var orderProcessor = new OrderProcessor(emailProcessor);
var checkoutProcessor = new CheckoutProcessor(orderProcessor);

checkoutProcessor.Checkout(/* parameters here */);

The dependency chain can be deep, so the question is, where should all the new statements live?

For ASP.NET MVC web applications, that would typically be at the controller level. Something like this:

public class MyController : Controller
{
    private readonly IEmailProcessor _emailProcessor;
    private readonly IOrderProcessor _orderProcessor;

    // And, supposing that we have introduced an ICheckoutProcessor interface:
    private readonly ICheckoutProcess _checkoutProcessor; 

    public MyController()
    {
        _emailProcessor = new TestEmailProcessor();
        _orderProcessor = new OrderProcessor(emailProcessor);
        _checkoutProcessor = new CheckoutProcessor(orderProcessor);
    }

    public ActionResult MyAction()
    {
        // At this point, all the implementations are ready to use.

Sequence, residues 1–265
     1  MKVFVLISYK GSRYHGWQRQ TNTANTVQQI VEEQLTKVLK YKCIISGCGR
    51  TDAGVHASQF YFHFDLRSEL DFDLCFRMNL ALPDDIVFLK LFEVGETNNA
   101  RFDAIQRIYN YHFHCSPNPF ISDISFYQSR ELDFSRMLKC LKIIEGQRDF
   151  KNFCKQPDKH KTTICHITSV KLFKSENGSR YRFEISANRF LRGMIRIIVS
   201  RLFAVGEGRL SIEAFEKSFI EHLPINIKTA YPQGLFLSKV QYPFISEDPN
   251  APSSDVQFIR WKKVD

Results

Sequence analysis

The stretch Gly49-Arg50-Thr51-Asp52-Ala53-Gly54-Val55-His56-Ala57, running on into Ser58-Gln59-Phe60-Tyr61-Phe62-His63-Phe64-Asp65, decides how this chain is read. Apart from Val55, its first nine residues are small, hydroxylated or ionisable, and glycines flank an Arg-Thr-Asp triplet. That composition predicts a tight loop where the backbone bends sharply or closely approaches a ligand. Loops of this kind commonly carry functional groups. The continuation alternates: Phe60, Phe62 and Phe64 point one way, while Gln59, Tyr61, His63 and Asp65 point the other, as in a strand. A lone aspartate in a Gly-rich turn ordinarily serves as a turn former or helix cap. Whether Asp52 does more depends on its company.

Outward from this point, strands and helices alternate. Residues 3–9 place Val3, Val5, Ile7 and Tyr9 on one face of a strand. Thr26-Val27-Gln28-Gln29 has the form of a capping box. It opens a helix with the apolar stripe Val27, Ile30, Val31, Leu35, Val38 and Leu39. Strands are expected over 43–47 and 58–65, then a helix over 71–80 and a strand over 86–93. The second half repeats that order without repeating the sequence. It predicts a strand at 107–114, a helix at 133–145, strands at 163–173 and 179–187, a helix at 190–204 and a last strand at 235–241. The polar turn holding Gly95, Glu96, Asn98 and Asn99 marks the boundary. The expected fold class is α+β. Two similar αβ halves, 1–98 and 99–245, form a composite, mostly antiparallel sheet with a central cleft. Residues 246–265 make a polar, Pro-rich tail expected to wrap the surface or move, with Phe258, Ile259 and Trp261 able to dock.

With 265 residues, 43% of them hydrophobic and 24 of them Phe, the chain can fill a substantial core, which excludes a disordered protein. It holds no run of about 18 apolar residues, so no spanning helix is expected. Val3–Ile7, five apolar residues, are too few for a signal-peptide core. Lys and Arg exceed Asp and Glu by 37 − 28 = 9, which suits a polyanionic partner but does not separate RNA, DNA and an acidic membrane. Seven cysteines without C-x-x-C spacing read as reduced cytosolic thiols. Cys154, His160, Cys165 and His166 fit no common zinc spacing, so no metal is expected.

_checkoutProcessor.Checkout(/*parameters here*/);
    }

    public ActionResult AnotherAction()
    {
        // All implementations are available throughout the controller.
    }
}

What Happens if There are Lots of Dependencies or Deep Dependency Chains?

When there are a lot of dependencies or the dependency chains run deep, it can be difficult to manage all of those new statements. But this problem can be solved as well. In the next post, we will take a look at dependency injection frameworks and how they can solve this kind of problem.

Conclusion

In this post we saw an example of dependency injection in action and took a look at the motivation behind it. The main purpose of using dependency injection is to move the responsibility of choosing and/or creating the implementation of dependencies out of the dependent code and into somewhere else. That "somewhere else" is typically at the topmost level, and, for ASP.NET MVC web applications, can be at the controller level.

In the next post, we will push the dependency level up one level, so that even our controllers will have its dependencies injected into it via constructors. This can be achieved by using dependency injection frameworks.